In the seventeenth century, Rene’ Descartes, brought about the question of ‘how we learn the nature of things, through our physical senses or by reasoning?’(Wolff 218) Based on Robert Paul Wolff’s interpretation in About Philosophy, empiricists believe sensation is a source of knowledge, or the theory that “all human knowledge comes from the evidence of our five senses, and therefore we can never know more, or know with greater certainty, than our senses will allow.” Whereas rationalists believe reason is the source of knowledge, or defined as “the theory that at least some human knowledge comes from reason unaided by the senses, and therefore we can know about things that the senses do not reveal to us, and we can know with greater certainty than the senses alone will allow.” (Wolff 486) Both views pose the of knowledge being present at birth.
David Hume, an empiricist believed in the “white paper” theory, as well as the “copy theory of ideas.” The “white paper” theory, as described by John Locke, is “Tabula Rasa” or in other words, a blank tablet. Explained by Hume, the mind comes into life blank or empty and is written on by experience, in comparison to the widely held view that the mind comes to experience with ideas which are built into it. Basically stated, our ideas are sense impressions and when confronted with an idea, we just match the answer with the answers already in our head. David Hume also believed in two principles in relation to the “copy theory of ideas.” One of which is “whatever objects are different are distinguishable”, or that an apple and an orange are two different objects. Moreover, “whatever objects are distinguishable are separable by thought and imagination”, or that we can understand the idea of an apple and an orange and we use our senses to identify them. (Wolff 206,212) The opposing view offers more ideas about knowledge and the senses.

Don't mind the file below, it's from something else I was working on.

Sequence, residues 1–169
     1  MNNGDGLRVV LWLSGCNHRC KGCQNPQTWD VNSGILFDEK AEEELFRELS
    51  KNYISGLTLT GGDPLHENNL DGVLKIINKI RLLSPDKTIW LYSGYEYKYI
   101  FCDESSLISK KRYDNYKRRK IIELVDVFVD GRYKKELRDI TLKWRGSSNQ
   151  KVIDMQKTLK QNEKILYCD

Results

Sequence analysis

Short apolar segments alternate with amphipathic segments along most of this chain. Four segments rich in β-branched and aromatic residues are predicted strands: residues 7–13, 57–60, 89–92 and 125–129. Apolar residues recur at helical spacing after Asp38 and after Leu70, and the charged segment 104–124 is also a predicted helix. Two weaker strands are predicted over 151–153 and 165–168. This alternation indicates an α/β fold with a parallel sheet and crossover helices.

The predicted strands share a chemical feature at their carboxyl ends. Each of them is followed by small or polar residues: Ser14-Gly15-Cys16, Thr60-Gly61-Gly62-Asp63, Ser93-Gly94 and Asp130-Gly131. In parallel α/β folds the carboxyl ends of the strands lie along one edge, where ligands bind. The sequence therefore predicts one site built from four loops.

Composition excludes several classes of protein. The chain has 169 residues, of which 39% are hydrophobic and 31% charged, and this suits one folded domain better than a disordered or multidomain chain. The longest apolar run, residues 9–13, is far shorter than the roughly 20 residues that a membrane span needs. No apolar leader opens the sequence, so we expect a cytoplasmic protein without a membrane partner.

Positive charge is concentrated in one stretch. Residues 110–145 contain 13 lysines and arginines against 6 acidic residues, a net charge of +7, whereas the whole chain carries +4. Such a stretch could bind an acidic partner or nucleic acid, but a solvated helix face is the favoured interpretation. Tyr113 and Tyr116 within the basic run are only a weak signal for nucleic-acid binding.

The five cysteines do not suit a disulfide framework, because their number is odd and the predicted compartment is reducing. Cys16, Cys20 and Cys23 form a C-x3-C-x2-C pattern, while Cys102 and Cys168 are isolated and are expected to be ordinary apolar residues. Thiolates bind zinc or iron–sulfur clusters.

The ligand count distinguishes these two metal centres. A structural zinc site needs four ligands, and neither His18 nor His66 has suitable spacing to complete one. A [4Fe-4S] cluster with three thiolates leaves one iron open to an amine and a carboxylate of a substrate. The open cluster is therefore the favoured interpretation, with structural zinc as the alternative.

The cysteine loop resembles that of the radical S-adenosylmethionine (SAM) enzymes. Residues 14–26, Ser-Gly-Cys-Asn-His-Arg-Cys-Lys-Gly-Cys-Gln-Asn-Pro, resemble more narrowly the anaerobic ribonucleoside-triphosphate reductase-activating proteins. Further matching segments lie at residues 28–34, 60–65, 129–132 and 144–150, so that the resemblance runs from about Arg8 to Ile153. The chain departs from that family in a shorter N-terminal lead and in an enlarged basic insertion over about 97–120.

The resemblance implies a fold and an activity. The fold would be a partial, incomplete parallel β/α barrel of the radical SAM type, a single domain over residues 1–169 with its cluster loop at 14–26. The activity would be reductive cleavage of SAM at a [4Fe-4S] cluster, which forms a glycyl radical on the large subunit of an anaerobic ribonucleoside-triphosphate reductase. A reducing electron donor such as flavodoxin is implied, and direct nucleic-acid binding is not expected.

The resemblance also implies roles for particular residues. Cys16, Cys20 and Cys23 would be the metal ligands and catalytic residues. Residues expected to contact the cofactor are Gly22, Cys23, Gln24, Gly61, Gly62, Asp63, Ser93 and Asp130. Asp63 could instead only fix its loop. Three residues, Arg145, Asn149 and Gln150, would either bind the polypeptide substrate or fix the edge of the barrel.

Based on the empiricists view, human nature in relation to violence is a learned experience determined by what our senses will allow. Therefore we learn what we see, hear, feel, smell, and taste. If the first humans had to sense violence, where did they experience it? It is easier to believe in a rationalist’s theory that we can know about things that our senses do not reveal to us such as violence, and based on human knowledge alone, we know far more than we understand.